IEEE 2014 JAVA MOBILE COMPUTING PROJECTS Preserving location privacy in geo social applications
To Get any Project for CSE, IT ECE, EEE Contact Me @ 09666155510, 09849539085 or mail us - email@example.com-Visit Our Website: www.finalyearprojects.org
Published on: Mar 4, 2016
Transcripts - IEEE 2014 JAVA MOBILE COMPUTING PROJECTS Preserving location privacy in geo social applications
IEEE PROJECTS & SOFTWARE DEVELOPMENTS
IEEE FINAL YEAR PROJECTS|IEEE ENGINEERING PROJECTS|IEEE STUDENTS PROJECTS|IEEE
BULK PROJECTS|BE/BTECH/ME/MTECH/MS/MCA PROJECTS|CSE/IT/ECE/EEE PROJECTS
CELL: +91 98495 39085, +91 99662 35788, +91 98495 57908, +91 97014 40401
Visit: www.finalyearprojects.org Mail to:firstname.lastname@example.org
Preserving Location Privacy in Geo-Social
Using geo-social applications, such as FourSquare, millions of people interact with
their surroundings through their friends and their recommendations. Without
adequate privacy protection, however, these systems can be easily misused, e.g., to
track users target them for home invasion. In this paper, we introduce LocX, a
novel alternative that provides significantly-improved locationprivacy without
adding uncertainty into query results or relying on strong assumptions about server
security. Our key insight is to applysecure user-specific, distance-preserving
coordinate transformations to all location data shared with the server. The friends
of a usershare this user’s secrets so they can apply the same transformation. This
allows all location queries to be evaluated correctly by theserver, but our privacy
mechanisms guarantee that servers are unable to see or infer the actual location
data from the transformeddata or from the data access. We show thatLocX
provides privacy even against a powerful adversary model, and we use
prototypemeasurements to show that it provides privacy with very little
performance overhead, making it suitable for today’s mobile devices.
Existing systems have mainly taken three approaches to improving user privacy in
(a) introducinguncertainty or error into location data .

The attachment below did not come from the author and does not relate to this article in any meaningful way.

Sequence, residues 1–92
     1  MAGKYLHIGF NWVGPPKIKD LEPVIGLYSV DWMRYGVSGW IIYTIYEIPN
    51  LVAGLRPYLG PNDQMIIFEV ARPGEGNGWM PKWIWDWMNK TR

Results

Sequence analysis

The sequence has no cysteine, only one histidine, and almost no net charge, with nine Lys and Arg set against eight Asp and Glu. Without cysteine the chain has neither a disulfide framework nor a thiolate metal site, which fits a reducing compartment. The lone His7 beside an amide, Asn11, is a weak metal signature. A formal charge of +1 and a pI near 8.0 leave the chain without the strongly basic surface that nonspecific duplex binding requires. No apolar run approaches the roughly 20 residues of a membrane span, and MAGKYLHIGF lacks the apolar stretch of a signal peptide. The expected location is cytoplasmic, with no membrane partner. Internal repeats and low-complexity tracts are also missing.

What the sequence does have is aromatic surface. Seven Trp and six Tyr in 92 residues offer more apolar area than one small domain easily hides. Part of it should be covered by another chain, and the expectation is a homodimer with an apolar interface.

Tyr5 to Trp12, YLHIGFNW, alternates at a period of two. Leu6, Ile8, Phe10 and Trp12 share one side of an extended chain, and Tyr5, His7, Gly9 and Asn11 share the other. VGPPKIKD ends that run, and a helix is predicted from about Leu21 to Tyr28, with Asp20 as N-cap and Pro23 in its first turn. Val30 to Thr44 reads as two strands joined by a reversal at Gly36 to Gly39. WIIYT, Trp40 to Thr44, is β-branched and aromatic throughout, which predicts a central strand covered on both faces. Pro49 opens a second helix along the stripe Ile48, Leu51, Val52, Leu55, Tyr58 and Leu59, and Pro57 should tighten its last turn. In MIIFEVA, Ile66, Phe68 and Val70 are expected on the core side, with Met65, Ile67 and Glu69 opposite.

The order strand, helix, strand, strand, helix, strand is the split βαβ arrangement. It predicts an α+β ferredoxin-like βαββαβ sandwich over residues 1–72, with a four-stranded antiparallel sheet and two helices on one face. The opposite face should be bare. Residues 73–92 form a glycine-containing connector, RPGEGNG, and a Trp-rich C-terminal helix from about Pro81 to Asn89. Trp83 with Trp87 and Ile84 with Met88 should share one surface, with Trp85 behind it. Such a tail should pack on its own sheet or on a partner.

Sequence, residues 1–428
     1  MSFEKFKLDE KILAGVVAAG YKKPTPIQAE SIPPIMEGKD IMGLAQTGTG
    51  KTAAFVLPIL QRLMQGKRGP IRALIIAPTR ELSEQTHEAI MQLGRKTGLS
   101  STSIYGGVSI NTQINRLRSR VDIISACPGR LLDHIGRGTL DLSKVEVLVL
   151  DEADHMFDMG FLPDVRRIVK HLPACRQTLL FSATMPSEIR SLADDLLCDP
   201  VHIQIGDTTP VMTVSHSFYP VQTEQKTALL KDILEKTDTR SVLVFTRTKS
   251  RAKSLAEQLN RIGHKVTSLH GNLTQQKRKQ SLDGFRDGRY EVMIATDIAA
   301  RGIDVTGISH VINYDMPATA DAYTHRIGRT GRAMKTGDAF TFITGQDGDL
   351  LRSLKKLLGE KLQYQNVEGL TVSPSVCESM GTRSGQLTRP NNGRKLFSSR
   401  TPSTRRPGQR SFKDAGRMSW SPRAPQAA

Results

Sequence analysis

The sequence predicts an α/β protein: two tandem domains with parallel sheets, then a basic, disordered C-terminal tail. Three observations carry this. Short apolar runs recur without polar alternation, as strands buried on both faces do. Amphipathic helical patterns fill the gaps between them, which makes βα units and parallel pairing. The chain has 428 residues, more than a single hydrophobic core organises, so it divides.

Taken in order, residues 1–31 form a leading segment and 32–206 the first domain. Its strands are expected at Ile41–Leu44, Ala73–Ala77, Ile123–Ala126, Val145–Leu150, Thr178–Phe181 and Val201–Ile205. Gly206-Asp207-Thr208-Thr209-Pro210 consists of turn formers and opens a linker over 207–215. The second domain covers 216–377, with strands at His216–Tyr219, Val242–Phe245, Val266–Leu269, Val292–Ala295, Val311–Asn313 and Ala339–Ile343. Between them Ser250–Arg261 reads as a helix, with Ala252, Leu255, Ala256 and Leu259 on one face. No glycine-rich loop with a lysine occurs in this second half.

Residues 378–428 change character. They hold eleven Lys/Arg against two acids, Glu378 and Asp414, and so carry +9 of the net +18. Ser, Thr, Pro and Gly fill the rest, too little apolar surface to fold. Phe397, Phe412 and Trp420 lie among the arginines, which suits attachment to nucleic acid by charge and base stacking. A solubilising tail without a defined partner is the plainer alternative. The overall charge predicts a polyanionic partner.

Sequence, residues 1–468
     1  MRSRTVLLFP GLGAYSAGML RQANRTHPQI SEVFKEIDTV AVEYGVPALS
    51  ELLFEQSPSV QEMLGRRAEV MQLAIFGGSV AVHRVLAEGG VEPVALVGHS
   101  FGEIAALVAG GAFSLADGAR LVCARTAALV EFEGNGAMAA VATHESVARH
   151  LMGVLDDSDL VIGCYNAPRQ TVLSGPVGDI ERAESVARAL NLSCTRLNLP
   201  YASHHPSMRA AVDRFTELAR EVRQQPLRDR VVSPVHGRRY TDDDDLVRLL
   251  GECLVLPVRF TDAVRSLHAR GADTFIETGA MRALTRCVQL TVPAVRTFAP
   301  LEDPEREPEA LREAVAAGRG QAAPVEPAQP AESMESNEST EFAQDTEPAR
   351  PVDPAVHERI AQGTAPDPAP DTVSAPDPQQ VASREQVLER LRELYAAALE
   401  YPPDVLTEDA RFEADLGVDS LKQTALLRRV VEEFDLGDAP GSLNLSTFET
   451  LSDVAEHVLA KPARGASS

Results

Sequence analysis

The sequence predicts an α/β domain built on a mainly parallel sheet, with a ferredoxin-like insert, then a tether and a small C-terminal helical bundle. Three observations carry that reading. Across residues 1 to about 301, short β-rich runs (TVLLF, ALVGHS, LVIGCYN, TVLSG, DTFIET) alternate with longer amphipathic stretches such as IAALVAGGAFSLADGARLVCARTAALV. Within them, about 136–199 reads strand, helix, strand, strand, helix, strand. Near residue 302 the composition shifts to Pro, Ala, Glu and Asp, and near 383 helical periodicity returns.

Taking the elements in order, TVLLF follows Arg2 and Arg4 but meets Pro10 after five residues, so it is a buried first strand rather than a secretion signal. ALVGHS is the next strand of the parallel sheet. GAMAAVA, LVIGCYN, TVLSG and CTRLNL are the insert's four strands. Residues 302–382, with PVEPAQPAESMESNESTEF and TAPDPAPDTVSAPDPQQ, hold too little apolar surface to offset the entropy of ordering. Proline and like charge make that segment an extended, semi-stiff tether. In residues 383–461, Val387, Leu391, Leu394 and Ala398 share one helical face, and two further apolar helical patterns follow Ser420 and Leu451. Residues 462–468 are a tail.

(b) relying on trusted servers or intermediaries to apply anonymization to user
identities and private data.
(c) relying on heavy-weight cryptographic or private information retrieval (PIR)
The challenge, then, is to design mechanisms that efficiently protect user privacy
without sacrificing the accuracy of the system, or making strong assumptions about
the security or trust worthiness of the application servers. More specifically, we
target geo-social applications, and assume that servers (and any intermediaries) can
be compromised and, therefore, are untrusted.
To address this challenge, in this paper, we propose LocX (short for location to
index mapping), a novel approach to achieving user privacy while maintaining full
accuracy in location-based social applications (LBSAs from here onwards).
Our insight is that many services do not need to resolve distance-based queries
between arbitrary pairs of users, but only between friends interested in each other’s
locations and data. Thus, we can partition location data based on users’ social
groups, and then perform transformations on the location coordinates before
storing them on un trusted servers. A user knows the transformation keys of all her
friends, allowing her to transform her query into the virtual coordinate system that
her friends use. Our coordinate transformations preserve distance metrics, allowing
an application server to perform both point and nearest-neighbor queries correctly
on transformed data. However, the transformation is secure, in that transformed
values cannot be easily associated with real world locations without a secret, which
is only available to the members of the social group. Finally, transformations are
efficient, in that they incur minimal overhead on the LBSAs. This makes the
applications built on LocX lightweight and suitable for running on today’s mobile
Loc X builds on top of the basic design, and introduces two new mechanisms to
overcome its limitations. First, in Loc X, we split the mapping between the
location and its data into two pairs: a mapping from the transformed location to an